21. BC Forest Discovery CentreBC Forest Discovery Centre

The BC Forest Discovery Centre in Duncan is a huge open air museum with its own operational railway. Check out the exhibits, logging artifacts, and heritage buildings before exploring the forest and marsh trails. This family friendly Island destination hosts plenty of special events and workshops for all ages throughout the year.

Cost: $16

22. Military Museums

Vancouver Island is home to notable military museums:

  • The Vancouver Island Military Museum in Nanaimo houses 25 exhibits focusing on the War of 1812 right through to Canada’s involvement in Afghanistan.
  • The CFB Esquimalt Naval & Military Museum focuses on the Royal Canadian Navy and Merchant Navy’s role in winning the Battle of the Atlantic, and the 100+ year history of Canadian service in submarines.
  • The Comox Airforce Museum includes collections on Military Aviation in WWI and WWII, Korea, the Cold War, United Nations Peacekeeping, and the Squadron section.

Read more: Attractions on Vancouver Island

The suggestions listed above are just some of the exciting things to do on Vancouver Island. If you’ll be arriving by boat, be sure to check out some of the area’s best boat-only access beaches.

Van Isle Marina is one of the largest full-service marinas in British Columbia. Moor your boat at our marina before or after you set out to explore Vancouver Island. (See our yacht park rates to learn more.) We are located at 2320 Harbour Road in Sidney, BC, just a five minute drive from the Beacon Avenue exit of Hwy 17.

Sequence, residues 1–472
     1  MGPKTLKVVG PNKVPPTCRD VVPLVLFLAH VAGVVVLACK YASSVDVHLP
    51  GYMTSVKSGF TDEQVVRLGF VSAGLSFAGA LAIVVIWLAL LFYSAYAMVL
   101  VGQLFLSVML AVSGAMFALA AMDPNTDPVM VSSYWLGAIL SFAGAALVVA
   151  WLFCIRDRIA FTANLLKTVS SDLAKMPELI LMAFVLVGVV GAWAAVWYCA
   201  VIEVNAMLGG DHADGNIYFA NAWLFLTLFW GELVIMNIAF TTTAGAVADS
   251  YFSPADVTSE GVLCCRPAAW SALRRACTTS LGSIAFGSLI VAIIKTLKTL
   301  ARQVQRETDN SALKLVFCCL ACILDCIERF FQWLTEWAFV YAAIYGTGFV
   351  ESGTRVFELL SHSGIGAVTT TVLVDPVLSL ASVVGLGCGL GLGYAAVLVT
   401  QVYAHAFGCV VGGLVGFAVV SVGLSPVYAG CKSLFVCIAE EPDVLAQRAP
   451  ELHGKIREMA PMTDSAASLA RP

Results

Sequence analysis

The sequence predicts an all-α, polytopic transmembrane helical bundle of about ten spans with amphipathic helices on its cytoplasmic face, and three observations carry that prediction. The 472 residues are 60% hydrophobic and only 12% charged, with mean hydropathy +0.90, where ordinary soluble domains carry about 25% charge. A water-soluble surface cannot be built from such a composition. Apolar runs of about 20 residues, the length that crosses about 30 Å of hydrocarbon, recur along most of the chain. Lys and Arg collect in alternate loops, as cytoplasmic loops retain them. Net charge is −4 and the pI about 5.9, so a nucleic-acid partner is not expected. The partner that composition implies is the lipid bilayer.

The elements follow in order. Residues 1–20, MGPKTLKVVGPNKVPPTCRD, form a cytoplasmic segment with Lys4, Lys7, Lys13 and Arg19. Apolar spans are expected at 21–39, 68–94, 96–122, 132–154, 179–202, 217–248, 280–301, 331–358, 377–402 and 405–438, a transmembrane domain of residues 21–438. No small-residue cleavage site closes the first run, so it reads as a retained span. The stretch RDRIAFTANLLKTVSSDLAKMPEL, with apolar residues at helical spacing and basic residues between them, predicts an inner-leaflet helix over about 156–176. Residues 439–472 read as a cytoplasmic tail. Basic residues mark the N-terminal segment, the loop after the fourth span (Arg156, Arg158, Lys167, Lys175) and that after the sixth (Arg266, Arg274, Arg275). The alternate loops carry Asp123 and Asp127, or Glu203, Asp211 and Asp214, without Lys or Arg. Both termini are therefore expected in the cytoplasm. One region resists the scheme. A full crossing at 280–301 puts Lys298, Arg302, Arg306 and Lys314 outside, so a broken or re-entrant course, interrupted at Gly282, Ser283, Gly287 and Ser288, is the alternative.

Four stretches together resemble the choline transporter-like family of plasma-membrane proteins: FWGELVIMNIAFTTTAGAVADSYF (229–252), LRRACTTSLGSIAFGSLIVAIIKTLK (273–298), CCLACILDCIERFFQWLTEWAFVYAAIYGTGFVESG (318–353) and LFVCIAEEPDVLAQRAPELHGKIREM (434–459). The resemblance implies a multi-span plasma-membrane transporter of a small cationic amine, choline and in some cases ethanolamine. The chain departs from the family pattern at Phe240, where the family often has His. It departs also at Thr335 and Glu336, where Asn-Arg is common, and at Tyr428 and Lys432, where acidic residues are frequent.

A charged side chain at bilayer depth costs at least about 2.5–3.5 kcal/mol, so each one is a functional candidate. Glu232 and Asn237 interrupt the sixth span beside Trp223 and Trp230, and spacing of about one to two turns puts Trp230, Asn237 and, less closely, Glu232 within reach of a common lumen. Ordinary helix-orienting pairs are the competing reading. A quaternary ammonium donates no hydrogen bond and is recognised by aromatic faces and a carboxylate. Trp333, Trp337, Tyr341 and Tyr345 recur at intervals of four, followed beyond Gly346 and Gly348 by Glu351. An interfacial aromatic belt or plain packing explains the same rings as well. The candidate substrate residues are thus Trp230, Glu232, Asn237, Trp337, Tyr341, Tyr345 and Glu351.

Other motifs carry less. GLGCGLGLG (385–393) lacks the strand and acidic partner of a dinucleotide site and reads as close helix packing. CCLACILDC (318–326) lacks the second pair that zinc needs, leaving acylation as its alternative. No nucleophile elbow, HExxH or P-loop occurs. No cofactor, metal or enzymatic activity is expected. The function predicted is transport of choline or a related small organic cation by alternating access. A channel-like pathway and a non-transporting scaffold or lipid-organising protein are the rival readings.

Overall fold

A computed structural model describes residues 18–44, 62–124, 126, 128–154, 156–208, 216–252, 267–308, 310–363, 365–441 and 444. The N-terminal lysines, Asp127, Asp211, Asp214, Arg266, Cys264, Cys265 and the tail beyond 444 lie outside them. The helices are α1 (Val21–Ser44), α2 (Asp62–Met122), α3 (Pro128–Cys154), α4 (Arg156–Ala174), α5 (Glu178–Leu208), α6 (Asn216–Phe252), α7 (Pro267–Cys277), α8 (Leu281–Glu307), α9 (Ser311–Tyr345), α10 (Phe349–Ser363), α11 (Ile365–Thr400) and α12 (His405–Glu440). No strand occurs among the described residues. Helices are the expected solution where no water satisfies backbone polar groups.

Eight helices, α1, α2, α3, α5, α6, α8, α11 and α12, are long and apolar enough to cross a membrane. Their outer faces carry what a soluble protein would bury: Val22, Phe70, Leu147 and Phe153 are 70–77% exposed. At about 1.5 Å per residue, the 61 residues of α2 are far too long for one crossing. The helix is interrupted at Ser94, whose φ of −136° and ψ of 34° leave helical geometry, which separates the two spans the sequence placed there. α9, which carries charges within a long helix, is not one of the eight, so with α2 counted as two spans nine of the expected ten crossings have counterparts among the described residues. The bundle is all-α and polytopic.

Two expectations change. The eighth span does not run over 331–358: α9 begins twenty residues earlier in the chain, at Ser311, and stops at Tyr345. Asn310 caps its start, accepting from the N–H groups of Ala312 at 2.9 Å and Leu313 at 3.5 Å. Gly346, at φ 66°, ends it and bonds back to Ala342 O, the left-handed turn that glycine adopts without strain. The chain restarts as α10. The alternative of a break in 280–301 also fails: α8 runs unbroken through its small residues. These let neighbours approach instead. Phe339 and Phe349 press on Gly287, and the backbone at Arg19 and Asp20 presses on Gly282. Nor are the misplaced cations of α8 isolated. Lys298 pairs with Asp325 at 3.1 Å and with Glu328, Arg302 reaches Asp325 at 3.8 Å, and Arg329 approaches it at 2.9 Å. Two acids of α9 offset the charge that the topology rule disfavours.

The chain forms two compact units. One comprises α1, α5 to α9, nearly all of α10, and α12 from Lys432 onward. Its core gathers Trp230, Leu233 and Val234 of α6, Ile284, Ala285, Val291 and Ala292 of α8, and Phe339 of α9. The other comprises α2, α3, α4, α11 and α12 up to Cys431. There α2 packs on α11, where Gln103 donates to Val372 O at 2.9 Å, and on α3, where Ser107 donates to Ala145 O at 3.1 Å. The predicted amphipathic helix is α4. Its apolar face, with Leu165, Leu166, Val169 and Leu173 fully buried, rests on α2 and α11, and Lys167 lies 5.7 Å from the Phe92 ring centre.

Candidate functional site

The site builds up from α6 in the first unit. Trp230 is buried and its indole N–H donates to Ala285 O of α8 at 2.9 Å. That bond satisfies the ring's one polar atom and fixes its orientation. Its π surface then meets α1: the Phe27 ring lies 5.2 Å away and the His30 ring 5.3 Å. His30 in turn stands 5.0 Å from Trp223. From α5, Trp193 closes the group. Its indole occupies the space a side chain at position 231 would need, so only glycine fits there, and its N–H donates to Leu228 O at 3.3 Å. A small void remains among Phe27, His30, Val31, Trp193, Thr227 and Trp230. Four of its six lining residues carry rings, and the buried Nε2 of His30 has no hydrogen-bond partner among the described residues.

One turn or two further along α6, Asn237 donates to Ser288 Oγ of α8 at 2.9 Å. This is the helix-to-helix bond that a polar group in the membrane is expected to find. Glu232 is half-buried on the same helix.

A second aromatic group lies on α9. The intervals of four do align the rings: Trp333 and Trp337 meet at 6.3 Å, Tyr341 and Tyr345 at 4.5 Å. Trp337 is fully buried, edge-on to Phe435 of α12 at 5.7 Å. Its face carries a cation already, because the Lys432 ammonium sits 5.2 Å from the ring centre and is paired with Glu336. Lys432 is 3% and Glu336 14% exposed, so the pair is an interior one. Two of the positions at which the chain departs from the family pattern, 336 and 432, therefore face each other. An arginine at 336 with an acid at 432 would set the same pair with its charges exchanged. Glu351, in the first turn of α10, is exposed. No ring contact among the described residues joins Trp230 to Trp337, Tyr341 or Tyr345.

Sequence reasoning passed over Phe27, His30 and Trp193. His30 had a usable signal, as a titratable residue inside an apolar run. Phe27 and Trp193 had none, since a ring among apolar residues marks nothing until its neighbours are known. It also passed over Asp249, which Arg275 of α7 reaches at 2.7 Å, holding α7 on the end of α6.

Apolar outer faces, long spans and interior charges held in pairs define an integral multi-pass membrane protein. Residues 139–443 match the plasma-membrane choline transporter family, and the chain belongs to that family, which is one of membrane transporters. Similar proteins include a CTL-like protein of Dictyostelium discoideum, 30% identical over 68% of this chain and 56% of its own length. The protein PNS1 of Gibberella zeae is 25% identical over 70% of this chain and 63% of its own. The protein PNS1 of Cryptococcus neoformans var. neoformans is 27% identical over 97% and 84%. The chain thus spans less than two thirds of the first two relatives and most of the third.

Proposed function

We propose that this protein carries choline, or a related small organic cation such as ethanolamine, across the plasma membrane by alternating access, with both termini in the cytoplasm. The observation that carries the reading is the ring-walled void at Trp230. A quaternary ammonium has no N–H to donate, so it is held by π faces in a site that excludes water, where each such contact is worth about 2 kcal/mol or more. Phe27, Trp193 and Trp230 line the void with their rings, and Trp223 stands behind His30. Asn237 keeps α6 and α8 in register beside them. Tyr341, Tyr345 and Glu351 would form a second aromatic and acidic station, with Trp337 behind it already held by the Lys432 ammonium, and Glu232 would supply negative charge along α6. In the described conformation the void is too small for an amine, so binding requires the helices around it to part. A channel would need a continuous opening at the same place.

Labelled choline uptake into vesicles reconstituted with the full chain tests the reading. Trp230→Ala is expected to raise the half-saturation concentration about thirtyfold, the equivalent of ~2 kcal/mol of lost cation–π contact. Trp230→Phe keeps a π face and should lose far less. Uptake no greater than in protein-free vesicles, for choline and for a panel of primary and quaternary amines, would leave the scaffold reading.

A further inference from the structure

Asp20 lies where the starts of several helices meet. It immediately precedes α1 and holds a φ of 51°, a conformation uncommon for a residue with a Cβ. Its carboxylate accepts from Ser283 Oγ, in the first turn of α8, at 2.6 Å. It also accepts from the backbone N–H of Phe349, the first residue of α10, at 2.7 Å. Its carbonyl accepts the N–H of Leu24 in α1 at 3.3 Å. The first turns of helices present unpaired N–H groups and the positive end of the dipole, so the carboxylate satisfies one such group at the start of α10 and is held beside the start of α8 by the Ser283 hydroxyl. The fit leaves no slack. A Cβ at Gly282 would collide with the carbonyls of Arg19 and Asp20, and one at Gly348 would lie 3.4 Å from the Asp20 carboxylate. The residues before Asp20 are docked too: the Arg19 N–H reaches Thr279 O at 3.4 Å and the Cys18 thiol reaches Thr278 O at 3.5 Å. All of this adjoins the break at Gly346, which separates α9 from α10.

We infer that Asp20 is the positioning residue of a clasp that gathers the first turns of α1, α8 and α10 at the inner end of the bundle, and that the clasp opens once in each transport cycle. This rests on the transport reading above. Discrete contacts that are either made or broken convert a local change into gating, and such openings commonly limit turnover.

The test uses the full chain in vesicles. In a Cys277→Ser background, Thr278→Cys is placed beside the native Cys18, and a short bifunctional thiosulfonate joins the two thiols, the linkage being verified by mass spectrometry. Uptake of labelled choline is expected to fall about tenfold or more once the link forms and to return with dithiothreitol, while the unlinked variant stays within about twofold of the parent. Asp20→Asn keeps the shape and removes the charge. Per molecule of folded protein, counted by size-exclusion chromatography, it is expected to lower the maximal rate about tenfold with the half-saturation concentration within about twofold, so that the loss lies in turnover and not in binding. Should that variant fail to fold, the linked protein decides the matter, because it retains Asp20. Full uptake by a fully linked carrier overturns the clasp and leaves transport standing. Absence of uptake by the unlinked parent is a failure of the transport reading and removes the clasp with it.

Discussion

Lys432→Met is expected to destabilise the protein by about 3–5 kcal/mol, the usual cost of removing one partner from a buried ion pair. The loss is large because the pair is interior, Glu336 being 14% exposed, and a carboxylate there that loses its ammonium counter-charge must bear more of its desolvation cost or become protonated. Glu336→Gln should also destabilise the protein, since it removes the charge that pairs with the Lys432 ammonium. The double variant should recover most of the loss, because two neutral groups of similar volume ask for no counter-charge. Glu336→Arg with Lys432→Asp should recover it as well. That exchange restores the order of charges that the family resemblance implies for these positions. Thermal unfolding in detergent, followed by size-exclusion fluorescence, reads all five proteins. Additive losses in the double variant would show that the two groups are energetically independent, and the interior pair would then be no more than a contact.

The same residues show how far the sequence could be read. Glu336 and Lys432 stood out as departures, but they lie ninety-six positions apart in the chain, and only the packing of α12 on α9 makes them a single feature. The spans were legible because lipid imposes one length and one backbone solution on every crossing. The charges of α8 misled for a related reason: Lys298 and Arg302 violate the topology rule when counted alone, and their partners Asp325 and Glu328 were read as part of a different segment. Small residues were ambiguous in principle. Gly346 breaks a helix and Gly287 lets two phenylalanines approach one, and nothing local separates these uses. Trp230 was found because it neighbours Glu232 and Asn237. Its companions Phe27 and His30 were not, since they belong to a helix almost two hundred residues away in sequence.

Introducing the 2020 Pursuit DC 295

Check out the new Pursuit Dual Console 295,
now Available at the Van Isle Marina Sales Dock

The 2020 Pursuit DC 295 is the latest Pursuit power boat model to arrive at the Van Isle Marina sales dock, and we are already so Pursuit DC 295 - full front viewimpressed with how much interest she has received! Our sales team got the chance to show this award-winning vessel at the 2020 Vancouver International Boat Show in Vancouver to large crowds of boating enthusiasts. It was clear from everyone’s reaction that the Pursuit DC 295 is the perfect vessel for anyone who is:

  • looking to make their first power boat purchase;
  • looking to add a small day tripper to their existing fleet; or
  • looking to downsize from a yacht to something smaller

The DC 295 is a mid-size model in Pursuit’s Dual Console Collection, joining the DC 365,  DC 326, DC 325, DC 266, and DC 235. Pursuit’s dual consoles have won multiple awards in their category for their style, superior design, performance, and amenities. Each dual console from Pursuit features an open layout and convertible features, allowing for enough space for swimming, fishing, diving, and entertaining.

The Pursuit DC 295 has an overall length of 31’ 9” and is powered via twin Yamaha F300 engines. Let’s check out everything else the DC 295 has to offer. Here is a summary of all the key features of the Pursuit Dual Console 295 that we have for sale at our dock.

Take a look and then come and see for yourself!